ASSOCIATE NEWS EDITOR
This year marked the fifth annual HenMUN conference at the university, a student-run model United Nations experience that brings local high schoolers to campus for debates and simulations about domestic and foreign policy issues.
On Friday, HenMUN festivities began with the arrival of local high schoolers, who, during their time at the conference, were referred to as “delegates.” Shortly after they arrived, delegates were broken up into committee groups, each comprised of a specific aspect of foreign relations, domestic policy and media.
This year, the topics of discussion encompassed a global perspective, with forums entitled “Economic Commision for Latin America and the Caribbean,” “World Health Organization (WHO)” and “International Monetary Fund.”
Junior international relations major and Secretary-General of HenMun Gerard Weir said that since its inception, HenMun has grown in its participation, with more than 500 students representing a myriad of high schools competing this year.
Olivia Davis, a sophomore international relations major and Under-Secretary-General of Economics and Social Councils for HenMUN, said that the topics of discussion are generally picked according to their relevance in the news. For example, one of the discussions hosted at the conference this year was on opioids and narcotic use in the United States, both of which have seen a recent uptick in abuse and overdoses among Americans living in rural enclaves.
When the delegates enter their respective forums, they are no longer solely classmates or friends. They play specific roles, and the delegates attempt to win “points” from the moderator of each forum by posing their argument and talking points in a cohesive, persuasive manner.
After each forum has ended, the moderators, all students, decide on the winner. They look at the many aspects each delegate brought, including a distinctive position paper on the topic at hand. Without it, a delegate cannot receive the honor of Best Delegate.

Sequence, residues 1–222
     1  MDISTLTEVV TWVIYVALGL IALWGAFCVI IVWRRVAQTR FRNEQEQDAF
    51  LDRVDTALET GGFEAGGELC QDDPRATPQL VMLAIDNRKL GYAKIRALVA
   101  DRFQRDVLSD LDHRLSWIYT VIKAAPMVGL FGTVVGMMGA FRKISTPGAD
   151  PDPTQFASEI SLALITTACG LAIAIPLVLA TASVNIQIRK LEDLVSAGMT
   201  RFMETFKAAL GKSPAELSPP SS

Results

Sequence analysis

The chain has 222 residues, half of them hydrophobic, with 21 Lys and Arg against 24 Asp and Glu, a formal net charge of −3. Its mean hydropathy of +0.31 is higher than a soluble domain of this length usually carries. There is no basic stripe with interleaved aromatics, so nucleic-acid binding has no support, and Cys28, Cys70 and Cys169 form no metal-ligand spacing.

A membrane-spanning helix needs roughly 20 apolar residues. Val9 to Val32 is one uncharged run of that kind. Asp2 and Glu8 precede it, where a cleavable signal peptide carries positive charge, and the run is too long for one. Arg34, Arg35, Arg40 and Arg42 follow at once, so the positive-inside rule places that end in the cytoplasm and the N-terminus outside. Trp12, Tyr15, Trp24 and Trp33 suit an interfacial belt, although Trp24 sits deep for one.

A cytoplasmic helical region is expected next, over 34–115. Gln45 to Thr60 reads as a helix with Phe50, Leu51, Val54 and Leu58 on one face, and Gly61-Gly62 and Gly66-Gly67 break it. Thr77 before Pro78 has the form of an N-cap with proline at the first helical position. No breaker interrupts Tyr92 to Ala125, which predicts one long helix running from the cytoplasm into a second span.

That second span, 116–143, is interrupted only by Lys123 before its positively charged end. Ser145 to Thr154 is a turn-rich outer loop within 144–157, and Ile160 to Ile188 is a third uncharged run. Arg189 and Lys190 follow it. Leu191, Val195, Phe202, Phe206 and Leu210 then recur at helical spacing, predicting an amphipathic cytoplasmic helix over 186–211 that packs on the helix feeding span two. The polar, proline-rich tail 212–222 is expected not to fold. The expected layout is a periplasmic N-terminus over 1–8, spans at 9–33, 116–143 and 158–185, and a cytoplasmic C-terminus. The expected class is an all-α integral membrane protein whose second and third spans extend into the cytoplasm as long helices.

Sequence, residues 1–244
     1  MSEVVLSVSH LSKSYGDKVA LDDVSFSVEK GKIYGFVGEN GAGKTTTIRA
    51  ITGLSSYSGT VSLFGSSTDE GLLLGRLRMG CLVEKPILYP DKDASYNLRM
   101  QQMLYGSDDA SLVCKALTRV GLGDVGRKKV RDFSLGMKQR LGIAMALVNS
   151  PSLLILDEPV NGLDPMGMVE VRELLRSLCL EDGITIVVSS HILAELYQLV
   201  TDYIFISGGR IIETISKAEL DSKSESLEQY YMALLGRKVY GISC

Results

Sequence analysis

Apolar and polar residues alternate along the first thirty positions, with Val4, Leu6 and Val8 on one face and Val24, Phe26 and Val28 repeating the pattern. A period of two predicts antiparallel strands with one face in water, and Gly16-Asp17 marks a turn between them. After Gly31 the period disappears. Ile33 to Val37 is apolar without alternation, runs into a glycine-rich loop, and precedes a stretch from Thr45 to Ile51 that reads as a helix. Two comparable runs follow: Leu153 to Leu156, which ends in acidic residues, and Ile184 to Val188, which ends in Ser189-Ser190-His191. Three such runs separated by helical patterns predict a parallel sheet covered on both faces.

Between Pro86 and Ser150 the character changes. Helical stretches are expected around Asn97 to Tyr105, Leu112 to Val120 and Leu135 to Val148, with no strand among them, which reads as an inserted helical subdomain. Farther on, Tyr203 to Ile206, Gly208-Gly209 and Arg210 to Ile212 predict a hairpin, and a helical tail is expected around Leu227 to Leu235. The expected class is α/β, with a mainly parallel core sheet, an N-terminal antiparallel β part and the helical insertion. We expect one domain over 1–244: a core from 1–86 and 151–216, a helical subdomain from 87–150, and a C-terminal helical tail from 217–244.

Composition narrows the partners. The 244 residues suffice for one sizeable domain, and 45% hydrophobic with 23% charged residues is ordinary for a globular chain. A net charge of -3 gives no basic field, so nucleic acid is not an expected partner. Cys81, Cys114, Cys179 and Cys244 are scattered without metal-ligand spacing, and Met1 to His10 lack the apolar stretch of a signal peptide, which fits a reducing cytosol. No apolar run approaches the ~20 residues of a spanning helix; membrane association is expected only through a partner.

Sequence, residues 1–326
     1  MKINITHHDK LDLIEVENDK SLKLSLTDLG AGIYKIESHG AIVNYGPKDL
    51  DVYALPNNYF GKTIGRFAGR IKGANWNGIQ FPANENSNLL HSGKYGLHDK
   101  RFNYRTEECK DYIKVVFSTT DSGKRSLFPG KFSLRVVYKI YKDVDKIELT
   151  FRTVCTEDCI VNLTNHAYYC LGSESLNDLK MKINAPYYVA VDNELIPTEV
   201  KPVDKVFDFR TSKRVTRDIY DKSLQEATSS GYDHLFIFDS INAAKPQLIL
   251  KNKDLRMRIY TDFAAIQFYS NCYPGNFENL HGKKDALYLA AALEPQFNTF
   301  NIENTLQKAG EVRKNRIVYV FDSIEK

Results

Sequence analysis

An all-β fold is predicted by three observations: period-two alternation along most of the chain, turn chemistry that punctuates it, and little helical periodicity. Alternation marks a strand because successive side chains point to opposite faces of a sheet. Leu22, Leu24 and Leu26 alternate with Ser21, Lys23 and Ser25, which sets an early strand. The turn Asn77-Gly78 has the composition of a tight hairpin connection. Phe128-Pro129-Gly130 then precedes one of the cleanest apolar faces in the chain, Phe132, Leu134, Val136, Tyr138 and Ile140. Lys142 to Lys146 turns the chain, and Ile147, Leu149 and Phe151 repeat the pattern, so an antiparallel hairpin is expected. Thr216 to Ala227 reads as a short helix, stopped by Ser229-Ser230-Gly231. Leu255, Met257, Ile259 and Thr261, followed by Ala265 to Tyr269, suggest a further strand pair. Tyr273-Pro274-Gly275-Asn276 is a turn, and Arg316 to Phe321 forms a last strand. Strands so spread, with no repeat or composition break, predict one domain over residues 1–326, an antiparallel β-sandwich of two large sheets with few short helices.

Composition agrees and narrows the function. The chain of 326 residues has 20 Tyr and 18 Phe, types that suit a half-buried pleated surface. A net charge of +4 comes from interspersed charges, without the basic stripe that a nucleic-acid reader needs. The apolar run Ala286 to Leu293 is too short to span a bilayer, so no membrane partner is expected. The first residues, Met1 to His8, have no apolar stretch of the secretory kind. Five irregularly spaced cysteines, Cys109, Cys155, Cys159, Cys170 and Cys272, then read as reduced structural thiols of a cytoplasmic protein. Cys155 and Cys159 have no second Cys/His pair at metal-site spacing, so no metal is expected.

“We like to say that our conference has a training edge,” Gabby Ward, junior and the director of Business and Hospitality for HenMUN, said. “Those who come here to win leave better prepared as delegates.”
Both Ward and Davis, who hold executive positions on the HenMUN board, took part in the Model UN experience as high schoolers.
While acknowledging the competitive nature of such conferences — including HenMUN — Davis notes that the true take away is not who wins, but how much one learns and becomes aware of the issues afterwards.
“We are a highly competitive environment,” she said. “But no one is too competitive [to the point] that no one can learn.”
According to Weir, education is indeed their main objective. Improvement of public speaking skills, negotiating skills and preparation for leadership roles in the future is what Weir said he hopes participants get out of the conference.
Each year, those in charge of HenMUN decide on the future of the conference, what went right, what went wrong and what improvements should be made. This year, the group decided on a theme: “Fostering Diplomacy.” As HenMun continues on, Weir hopes that they can expand their reach while maintaining their standing amongst other model U.N. conferences.
“We would like to expand our reach,” he said. “We would like to expand the regional reach of the conference in the future, being that we are such a young conference in a competitive region.”